Fifteen years ago if you told friends you were going to Cambodia, they’d be quick to point out that it was a dangerous nation – on account of the landmines. But these days, with most of the minefields rendered safe, the three areas of fear are health, road safety and crime.
I thought I’d look up some reasonably recent figures (most crime data are 5 years old) and compare these figures to those in the USA.
First of all – perceptions. A global survey asked citizens in each country how serious the crime rates are and whether they believe crime is “High” in their country. Put it this way, in Venezuela (2014) 97% felt crime rates were high in their country. By contrast, 56% of USA citizens surveyed felt that crime was high in America. (39% in Canada.) Meanwhile 38% of Cambodians felt that crime is High in Cambodia. And the lowest fear of serious crime? Japan and Singapore each boasted a mere 13% of respondents feeling that crime is High in their respective countries.
That was perception. How about reality? What is the intentional homicide rate per 100,000 people in various countries? Again, let’s go to the top of the table: the Central Americas and Caribbean nations don’t look too safe. Honduras (2016) delivered 57 intentional murder victims per 100,000 people, Jamaica came in 5th with 47 victims of intentional homicide (2016 figures) per 100,000 people.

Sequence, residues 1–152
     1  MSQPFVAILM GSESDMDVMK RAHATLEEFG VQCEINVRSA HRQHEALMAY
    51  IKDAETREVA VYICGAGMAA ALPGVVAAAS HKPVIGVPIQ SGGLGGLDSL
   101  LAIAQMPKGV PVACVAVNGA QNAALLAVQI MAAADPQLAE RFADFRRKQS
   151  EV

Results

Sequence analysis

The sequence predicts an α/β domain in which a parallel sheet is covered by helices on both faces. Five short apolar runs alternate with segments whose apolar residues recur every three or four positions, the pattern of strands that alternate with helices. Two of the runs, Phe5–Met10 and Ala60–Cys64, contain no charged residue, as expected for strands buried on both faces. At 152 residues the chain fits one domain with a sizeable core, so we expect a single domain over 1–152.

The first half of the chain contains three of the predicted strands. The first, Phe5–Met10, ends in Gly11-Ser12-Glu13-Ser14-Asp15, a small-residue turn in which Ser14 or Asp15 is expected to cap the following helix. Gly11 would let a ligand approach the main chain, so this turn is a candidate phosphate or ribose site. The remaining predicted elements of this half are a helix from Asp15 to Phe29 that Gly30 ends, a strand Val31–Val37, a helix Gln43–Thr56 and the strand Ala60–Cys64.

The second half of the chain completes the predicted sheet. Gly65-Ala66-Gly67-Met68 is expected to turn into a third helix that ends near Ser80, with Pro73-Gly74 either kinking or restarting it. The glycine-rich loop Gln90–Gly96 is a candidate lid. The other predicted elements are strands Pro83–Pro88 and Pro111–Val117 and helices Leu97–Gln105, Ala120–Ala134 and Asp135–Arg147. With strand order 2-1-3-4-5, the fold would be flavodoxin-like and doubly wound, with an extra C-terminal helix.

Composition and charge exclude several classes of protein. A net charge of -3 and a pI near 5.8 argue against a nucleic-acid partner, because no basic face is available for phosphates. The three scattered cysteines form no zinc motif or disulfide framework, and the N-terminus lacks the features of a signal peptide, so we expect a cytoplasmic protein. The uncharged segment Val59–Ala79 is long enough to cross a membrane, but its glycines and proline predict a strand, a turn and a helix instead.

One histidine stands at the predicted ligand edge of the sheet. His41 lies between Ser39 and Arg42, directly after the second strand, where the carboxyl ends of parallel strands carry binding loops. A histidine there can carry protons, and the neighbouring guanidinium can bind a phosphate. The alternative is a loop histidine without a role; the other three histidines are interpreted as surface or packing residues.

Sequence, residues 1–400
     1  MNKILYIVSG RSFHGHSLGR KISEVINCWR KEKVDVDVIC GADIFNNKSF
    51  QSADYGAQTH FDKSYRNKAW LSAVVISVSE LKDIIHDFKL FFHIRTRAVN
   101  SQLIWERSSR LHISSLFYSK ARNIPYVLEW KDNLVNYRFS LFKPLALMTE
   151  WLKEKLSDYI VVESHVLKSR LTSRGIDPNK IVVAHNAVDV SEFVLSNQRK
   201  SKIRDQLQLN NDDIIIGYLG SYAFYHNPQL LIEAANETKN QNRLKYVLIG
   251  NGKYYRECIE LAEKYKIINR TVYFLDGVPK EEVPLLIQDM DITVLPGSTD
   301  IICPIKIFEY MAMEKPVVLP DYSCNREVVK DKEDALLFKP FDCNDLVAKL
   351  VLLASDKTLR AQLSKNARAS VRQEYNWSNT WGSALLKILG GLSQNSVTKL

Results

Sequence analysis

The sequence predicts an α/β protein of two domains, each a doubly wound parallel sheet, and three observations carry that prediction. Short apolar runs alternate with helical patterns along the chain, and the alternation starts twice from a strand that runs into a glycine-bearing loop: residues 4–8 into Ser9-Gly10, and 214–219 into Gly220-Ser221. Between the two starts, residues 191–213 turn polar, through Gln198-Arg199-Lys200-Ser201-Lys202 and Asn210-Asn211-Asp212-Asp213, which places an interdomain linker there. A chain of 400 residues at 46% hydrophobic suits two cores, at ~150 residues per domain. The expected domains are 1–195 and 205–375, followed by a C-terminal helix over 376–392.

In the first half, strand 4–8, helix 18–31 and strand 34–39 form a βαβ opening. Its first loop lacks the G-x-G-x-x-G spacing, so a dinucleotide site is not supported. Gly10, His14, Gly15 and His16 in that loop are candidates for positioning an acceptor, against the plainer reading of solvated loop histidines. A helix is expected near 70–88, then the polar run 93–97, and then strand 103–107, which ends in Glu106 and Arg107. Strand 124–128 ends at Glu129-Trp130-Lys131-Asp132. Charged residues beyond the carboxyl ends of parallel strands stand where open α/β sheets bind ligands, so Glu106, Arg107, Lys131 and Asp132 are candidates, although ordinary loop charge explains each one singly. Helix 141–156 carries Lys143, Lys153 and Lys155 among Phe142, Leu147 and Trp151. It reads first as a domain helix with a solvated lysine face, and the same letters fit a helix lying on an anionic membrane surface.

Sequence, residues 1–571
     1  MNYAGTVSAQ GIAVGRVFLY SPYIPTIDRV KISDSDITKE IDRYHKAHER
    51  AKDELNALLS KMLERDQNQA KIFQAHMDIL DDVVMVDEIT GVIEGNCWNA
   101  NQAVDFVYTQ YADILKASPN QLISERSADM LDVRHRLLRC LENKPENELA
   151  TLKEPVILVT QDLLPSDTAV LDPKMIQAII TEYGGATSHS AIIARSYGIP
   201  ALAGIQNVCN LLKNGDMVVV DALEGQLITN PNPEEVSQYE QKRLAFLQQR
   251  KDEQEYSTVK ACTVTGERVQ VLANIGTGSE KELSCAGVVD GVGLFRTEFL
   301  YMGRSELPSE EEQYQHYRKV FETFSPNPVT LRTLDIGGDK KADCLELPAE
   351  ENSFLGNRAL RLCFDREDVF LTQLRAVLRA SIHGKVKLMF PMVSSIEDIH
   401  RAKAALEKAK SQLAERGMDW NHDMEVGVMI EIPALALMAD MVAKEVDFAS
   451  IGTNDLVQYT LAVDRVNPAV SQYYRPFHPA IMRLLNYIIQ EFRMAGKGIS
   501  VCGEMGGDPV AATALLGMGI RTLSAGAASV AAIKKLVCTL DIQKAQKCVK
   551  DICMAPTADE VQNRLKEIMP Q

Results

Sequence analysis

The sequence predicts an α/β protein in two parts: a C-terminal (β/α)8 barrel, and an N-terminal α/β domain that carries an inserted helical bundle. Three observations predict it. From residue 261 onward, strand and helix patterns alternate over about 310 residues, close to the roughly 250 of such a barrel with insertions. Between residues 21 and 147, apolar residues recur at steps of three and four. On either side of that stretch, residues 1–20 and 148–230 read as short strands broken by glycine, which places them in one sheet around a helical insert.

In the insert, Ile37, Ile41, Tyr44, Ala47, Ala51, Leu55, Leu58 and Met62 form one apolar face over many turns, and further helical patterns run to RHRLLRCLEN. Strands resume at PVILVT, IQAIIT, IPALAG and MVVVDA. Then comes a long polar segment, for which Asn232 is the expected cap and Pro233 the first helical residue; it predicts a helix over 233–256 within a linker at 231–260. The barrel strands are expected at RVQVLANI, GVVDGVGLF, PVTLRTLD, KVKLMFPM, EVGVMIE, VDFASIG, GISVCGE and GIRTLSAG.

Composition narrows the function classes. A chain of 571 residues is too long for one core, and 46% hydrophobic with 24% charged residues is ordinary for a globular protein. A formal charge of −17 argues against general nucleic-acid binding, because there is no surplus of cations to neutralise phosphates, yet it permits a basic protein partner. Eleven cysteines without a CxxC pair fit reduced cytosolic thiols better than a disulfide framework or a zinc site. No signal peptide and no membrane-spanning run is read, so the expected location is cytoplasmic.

So how does trigger-happy America compare? The US has 5.3 intentional homicides per 100,000 people (2016) which is about the same as Cuba (4.99 per 100,000, 2016), and Thailand (3.2 per 100,000, 2016.)
Cambodia’s figures are, unfortunately older (2011) and at that stage the intentional homicide rate was 1.84 per 100,000. That’s about the same as Idaho and Maine.
Compare that to the UK (1.2 per 100,000) Australia (0.94 per 100,000, 2010) or Hong Kong which almost makes the bottom of the table (0.38 per 100,000) but is pipped by Monaco where, according to 2015 figures, zero homicides took places.
By the way these figures are look-uppable on Wikipedia Site where they quote United Nations Office on Drugs and Crime figures. Note these figures are at some variance compared to those published on NationMaster website which compares different nations on a wide range of issues. I trust the UN figures more – but the definitions may account for this. The UN cites intentional homicides per 100,000. NationMaster reports “murders per 100,000.”
For a real crime story in Siem Reap: Big Trouble at Killing Fields Pagoda